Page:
International supply chain issues, emerging increasingly since the beginning of the pandemic, have upended and challenged many industries, including the food industry. As Ms. McCarthy recalls, before the pandemic the kitchen received two weekly deliveries of food from U.S. Foods, one of their main suppliers. But, after the pandemic began, both deliveries were canceled due to a shortage of delivery truck drivers and warehouse workers at the company, and although the kitchen staff eventually regained their delivery times, this issue caused frequent inconsistencies in all aspects of what they were receiving.

From the quality of the food to the timing of food deliveries, Ms. Gable shared one example of frustration that the inconsistencies in time, appearance of food, and product supply have caused. 

“For instance, the black bowls we had to use yesterday for the orange chicken, that’s because we had an order error [because of`] a supply chain issue. So, we couldn’t get our normal container and then we couldn’t find any at Restaurant Depot, we couldn’t find any at Cash N Carry, so this is what we ended up with,” Ms. Gable said. “And that’s always a challenge because it looks different to everyone, and they’re like, ‘What’s going on? Where’s our [usual] size?’ It’s like, well, we’re not trying to do that on purpose to you guys, it’s just that we can’t get [the normal containers].”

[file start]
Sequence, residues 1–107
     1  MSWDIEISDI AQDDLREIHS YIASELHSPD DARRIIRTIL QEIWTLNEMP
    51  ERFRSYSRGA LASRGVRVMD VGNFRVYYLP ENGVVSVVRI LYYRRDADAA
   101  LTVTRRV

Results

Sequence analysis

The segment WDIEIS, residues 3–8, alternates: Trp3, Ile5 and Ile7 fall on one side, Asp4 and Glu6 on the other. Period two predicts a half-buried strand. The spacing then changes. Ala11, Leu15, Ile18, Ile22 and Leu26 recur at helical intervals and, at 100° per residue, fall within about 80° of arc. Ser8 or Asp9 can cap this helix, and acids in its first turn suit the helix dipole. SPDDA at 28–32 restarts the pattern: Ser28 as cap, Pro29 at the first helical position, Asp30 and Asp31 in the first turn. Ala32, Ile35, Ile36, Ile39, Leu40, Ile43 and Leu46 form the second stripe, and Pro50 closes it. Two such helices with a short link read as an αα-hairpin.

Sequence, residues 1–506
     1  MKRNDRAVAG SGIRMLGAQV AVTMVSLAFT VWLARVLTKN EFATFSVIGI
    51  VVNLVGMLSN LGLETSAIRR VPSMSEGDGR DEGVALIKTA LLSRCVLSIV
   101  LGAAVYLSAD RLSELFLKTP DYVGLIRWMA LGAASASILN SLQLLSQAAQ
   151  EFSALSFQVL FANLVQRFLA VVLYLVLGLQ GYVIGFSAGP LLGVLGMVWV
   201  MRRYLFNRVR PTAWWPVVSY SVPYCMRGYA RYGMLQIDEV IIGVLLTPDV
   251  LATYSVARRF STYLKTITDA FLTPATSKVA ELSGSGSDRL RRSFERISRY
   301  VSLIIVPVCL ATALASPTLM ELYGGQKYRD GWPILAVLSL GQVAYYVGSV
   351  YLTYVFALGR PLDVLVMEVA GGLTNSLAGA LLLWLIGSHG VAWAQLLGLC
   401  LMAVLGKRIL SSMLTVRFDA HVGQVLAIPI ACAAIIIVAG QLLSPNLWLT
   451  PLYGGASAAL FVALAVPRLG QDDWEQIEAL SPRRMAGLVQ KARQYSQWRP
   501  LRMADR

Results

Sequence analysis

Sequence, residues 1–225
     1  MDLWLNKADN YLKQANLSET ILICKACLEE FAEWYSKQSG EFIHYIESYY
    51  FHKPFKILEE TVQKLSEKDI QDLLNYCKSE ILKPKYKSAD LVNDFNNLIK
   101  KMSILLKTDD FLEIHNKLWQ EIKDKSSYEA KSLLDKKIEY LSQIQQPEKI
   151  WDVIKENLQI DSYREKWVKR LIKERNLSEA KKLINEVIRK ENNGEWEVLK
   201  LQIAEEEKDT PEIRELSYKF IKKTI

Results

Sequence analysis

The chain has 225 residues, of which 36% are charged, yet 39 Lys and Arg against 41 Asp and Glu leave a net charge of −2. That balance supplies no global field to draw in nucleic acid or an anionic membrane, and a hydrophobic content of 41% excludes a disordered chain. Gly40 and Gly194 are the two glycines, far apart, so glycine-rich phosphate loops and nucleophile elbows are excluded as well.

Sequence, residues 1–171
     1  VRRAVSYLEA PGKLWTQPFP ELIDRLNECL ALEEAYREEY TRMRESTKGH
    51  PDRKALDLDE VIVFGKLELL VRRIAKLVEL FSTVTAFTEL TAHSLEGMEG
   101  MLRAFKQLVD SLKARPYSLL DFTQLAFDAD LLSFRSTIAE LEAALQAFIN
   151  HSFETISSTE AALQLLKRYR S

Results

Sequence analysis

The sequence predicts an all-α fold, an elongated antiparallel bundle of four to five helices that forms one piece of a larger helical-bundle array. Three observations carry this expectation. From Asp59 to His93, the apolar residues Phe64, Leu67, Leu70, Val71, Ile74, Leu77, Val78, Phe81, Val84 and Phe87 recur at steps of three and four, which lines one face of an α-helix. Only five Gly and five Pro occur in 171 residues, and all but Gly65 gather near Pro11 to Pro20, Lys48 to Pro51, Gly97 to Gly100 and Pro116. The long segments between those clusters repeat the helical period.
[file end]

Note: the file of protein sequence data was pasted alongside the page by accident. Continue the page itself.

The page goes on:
The increased prices of food is also an issue that the kitchen staff has to resolve, keeping both their budget and the quality of the food in mind. “We truly try to keep our costs down on healthy things,” Ms. Tetherow says. “We’re not a profit driven kitchen, … we’re just trying to cover our bills. I want the kids to know that.” 

Due to inflation driving the retail price of food up higher and higher, the staff is forced to make difficult decisions about keeping or scratching the products they normally buy, as they noted that on drinks, for example, they only add a charge of around 25 to 50 cents per item compared to what they pay for retail. 

Another struggle the lunch staff face occurs when lunchtime rolls around, and hunger begins to obstruct students’ better judgment, leaving the kitchen staff to report hearing things they wish they hadn’t. The entire staff recounts hearing negativity about the food they serve, stating that they receive indirect but still hurtful comments on an almost daily basis from students.